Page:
Associate Professor, Family & Consumer Economics for Older Adults
Martie Gillen is an associate professor in the Department of Family, Youth and Community Sciences. She earned her Ph.D. from the Department of Family Studies at the University of Kentucky. She also earned a Graduate Certificate in Gerontology and a Graduate Certificate in Applied Statistics from the University of Kentucky. Martie earned a MBA from Sullivan University. She is a Trust Based Relational Intervention (TBRI) Practitioner and a Financial Social Work Educator.
Prior to her position, Martie served as assistance dean for finance and center administration in the College of Social Work at the University of Kentucky. She served as the Principal Investigator or Co-Principal Investigator on sponsored projects from the KY Cabinet for Health and Family Services totaling over $3.6 million; many of which had a child welfare focus including working with foster parents, adoptive parents, and college students who were also welfare recipients. In addition, she also taught courses in financial social work, social work research methods, introduction to family science, family resource management, and personal finance.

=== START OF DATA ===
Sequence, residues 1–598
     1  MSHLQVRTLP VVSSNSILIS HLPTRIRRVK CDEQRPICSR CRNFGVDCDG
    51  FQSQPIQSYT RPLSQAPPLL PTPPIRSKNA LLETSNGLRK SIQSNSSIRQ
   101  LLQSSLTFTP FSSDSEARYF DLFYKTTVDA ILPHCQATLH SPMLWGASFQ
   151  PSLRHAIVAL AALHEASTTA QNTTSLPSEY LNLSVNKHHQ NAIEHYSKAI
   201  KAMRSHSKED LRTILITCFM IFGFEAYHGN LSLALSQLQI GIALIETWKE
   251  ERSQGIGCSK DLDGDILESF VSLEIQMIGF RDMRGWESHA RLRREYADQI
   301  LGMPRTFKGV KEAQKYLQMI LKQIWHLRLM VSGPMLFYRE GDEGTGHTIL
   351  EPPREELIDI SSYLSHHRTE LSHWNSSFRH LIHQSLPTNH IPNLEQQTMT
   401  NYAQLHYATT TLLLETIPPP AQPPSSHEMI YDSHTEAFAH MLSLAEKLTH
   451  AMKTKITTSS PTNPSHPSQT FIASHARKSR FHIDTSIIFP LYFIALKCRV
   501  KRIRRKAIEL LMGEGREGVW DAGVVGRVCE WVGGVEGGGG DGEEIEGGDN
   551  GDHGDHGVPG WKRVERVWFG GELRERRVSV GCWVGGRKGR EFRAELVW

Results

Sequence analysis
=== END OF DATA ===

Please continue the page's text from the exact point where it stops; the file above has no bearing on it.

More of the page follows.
Martie has been a foster mom for over three years and has welcomed 11 children in to her home, some for a few days, some for months, some for years, and one for forever through adoption.
Session Title:Interacting with Connection – Mindful Awareness and Mindful Caregiving
Track: Community Growth
Description: We hear a lot about mindfulness these days. How can mindful awareness and mindful caregiving influence the way we interact with others? At its core, mindfulness refers to the ability to bring conscious attention and awareness to one’s present experience with non-judgment, acceptance, and compassion. Layer that with being aware of what you bring from your experiences to present interactions and you have mindful caregiving. Research documents the many emotional, mental, and physical benefits of mindfulness as well as the benefits of mindful caregiving. I practice mindful awareness and caregiving 1) to improve my connected skills; 2) because caregiving is hard work; 3) to become more aware of my self-care needs; and 4) to model self-regulation, emotional awareness, and self-compassion for others. Come learn about mindful awareness and mindful caregiving through Martie’s journey as a foster parent and adoptive parent. Fasten your seatbelt and hang on tight… it’s a bumpy road with lots of hills and sharp turns.